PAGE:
Mr. Irwin, I was indeed asking about the single action No. 3. Now that you mention it, the more I learn about the No. 3, the more I want one.

That is a fine looking gun Deepdiver.

That leads me to another question that has been banging around in head of late. On older S&W double action guns, such as your Frontier No. 3 or the "lemon squeezer" type, were (are) the double action pulls as smooth as "modern" (hand ejector/triple lock)double action pulls?

I was handling a "lemon squeezer" in pristine condition just today. I was VERY tempted to dry-fire it. But I refrained, not wanting to damage the old gun. Somehow those triggers just look "stiff."

Thanks again.

Deepdiver
December 9, 2003, 10:47 AM
Mike,

It is indeed a .44 DA Frontier. Here is its pedigree:

S&W made 15,340 of the critters between 1886 and 1912.

The retail price of this piece was $13.75. It was shipped from the factory on Aug. 3, 1887 to Hibbard Spencer and Bartlett Co., Chicago, IL.

It was originally shipped with a 6in barrel (and it hasn't shrunk a bit!) , nickel finish, and checkered black hard rubber grips. The pearl grips (according to S&W) were probably added by the dealer to fill a special order.

Obviously this is one of the early production units (I have not included the s/n for obvious reasons, but it is a low number, and all the parts s/n match).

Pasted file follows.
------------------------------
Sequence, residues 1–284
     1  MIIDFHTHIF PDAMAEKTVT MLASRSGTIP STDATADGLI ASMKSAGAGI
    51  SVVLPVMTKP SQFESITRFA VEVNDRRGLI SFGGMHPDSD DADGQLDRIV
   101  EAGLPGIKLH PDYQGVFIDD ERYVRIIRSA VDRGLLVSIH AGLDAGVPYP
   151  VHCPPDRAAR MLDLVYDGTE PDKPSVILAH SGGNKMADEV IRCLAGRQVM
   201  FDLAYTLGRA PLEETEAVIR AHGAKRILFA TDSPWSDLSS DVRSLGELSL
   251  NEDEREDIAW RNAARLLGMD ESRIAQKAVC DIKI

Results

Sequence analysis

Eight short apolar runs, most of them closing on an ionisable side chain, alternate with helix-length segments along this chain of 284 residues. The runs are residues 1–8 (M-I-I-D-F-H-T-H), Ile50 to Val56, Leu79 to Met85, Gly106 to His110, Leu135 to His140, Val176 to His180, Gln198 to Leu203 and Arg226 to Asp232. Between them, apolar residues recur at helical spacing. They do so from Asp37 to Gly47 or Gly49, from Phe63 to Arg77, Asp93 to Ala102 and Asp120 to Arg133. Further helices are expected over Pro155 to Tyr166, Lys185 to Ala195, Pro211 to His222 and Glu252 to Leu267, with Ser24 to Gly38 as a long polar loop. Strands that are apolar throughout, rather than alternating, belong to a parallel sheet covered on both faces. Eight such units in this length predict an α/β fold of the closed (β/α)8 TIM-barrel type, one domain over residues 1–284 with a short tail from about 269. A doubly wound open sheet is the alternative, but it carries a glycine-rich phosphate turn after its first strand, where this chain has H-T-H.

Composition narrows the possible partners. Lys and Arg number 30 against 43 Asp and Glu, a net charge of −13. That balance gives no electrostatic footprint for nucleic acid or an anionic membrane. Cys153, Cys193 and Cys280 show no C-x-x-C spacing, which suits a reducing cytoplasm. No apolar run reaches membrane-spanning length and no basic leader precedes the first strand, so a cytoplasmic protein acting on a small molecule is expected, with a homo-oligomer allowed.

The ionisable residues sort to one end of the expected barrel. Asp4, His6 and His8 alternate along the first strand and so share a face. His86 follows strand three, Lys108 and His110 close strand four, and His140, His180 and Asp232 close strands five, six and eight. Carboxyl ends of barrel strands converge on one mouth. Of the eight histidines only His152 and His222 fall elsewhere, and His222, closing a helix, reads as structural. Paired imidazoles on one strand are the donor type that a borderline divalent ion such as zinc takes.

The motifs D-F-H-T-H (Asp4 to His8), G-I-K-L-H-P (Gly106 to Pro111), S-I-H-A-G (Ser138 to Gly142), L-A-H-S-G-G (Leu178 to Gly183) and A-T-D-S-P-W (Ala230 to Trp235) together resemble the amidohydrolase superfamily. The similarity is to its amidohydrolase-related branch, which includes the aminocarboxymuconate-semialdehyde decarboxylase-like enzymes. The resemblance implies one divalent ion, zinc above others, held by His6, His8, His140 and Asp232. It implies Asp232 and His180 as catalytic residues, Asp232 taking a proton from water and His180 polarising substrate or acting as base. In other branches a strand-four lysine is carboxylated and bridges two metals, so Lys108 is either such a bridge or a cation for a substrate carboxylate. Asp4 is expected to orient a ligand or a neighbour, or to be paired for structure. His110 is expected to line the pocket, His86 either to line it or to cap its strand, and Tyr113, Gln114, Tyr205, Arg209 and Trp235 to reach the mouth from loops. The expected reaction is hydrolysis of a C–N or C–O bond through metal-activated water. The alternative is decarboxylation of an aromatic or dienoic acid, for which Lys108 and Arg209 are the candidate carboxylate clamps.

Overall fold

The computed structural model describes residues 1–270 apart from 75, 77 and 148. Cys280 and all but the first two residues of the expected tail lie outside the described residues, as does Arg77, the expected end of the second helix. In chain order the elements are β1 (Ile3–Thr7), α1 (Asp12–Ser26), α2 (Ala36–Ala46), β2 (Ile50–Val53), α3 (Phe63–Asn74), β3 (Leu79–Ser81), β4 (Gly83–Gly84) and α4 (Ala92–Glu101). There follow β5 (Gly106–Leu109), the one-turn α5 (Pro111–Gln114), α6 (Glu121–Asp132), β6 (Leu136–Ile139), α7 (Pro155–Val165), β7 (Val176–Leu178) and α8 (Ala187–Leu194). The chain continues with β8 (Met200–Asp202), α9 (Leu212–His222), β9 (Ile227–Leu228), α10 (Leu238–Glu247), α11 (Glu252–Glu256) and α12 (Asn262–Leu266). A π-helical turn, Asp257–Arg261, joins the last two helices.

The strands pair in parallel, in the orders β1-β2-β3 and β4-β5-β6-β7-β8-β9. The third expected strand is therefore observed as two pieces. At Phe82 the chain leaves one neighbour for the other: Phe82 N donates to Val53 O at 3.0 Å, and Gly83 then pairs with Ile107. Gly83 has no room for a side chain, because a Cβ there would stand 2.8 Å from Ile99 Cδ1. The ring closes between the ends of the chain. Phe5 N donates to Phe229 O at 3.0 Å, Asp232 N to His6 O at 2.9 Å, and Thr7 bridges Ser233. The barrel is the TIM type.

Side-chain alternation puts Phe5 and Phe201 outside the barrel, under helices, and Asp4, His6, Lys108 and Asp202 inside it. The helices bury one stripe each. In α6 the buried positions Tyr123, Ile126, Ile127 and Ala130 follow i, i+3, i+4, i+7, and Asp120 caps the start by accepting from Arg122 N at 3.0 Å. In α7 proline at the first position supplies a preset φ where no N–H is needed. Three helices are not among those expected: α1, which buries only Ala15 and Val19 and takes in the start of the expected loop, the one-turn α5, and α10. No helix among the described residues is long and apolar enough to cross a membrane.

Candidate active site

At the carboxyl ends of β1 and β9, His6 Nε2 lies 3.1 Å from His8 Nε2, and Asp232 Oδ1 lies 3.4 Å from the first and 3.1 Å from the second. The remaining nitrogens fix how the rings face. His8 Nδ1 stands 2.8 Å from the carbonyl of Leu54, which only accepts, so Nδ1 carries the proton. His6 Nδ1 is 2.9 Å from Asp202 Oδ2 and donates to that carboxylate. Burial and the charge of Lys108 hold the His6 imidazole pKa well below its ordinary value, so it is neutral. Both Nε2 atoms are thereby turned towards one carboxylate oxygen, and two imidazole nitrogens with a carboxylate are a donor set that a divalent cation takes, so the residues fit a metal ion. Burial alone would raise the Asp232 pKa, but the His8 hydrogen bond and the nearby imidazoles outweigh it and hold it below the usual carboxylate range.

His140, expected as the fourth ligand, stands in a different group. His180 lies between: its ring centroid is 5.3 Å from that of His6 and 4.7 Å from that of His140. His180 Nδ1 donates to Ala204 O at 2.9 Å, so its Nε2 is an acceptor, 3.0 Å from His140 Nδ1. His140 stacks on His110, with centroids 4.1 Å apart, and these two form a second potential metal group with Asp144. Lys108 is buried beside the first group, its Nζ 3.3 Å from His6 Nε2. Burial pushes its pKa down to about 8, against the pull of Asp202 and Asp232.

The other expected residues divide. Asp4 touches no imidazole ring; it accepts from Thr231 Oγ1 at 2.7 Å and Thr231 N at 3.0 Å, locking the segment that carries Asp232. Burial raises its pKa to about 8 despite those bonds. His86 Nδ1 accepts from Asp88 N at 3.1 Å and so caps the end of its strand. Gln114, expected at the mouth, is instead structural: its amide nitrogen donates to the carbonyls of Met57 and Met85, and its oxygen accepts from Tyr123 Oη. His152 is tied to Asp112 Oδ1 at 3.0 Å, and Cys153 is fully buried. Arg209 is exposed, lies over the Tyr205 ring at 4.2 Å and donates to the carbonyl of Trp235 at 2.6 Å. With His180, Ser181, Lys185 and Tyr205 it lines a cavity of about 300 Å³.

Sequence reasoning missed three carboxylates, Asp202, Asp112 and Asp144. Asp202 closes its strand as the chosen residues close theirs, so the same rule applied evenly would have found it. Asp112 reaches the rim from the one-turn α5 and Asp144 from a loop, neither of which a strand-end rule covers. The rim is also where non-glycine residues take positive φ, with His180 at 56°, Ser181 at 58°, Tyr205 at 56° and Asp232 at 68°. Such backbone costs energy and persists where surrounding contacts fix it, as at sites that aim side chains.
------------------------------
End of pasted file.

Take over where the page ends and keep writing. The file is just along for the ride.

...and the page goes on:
The picture that I posted is really lousy quality - the gun is a real work of art in my opinion (obviously I am real proud of it).

Skofnung, the DA trigger is actually very smooth (but a tad long) with a very crisp break. IMO, the gunsmiths back then were real craftsman, and new how to break edges, and finish surfaces as well, or better than we do today (at least they took the time to do it on "factory guns" - especially the higher end models) - modern finishes not withstanding.

Hope this info helped you with your research a little - I didn't notice that you were asking about the SA model in your original post. Sorry for any confusion.


DD

Old Fuff
December 9, 2003, 10:59 AM
Skofnung:

You were right to not dry-fire that S&W Safety Hammerless (The folks at S&W detest the name "lemon squeezer"), because if you do so when there aren’t empty cartridge cases in the chambers you can break a firing pin.

The trigger pull on these revolvers is usually smooth, but heavy - because the mainsprings were designed to set off primers that were not as sensitive as the ones we have today. However they have a unique feature. As you get to the end of the pull the weight becomes lesser to a marked degree. This allows the shooter to align the sights just before the hammer is released. At one time the U.S. Army tested some of the .38's with a 6" barrel with intentions of adopting them as a cavalry sidearm. It was not to be. They picked a Colt instead.

While most people think of the .38 Safety Hammerless as a pocket pistol they were offered at different times in 1 1/2" (special order), 2", 3 1/4" (most common), 4", 5" and 6" barrel lengths.

They were so popular that they remained in the S&W line until 1940 and the start of World War Two production - long after all other top-break’s had been discontinued.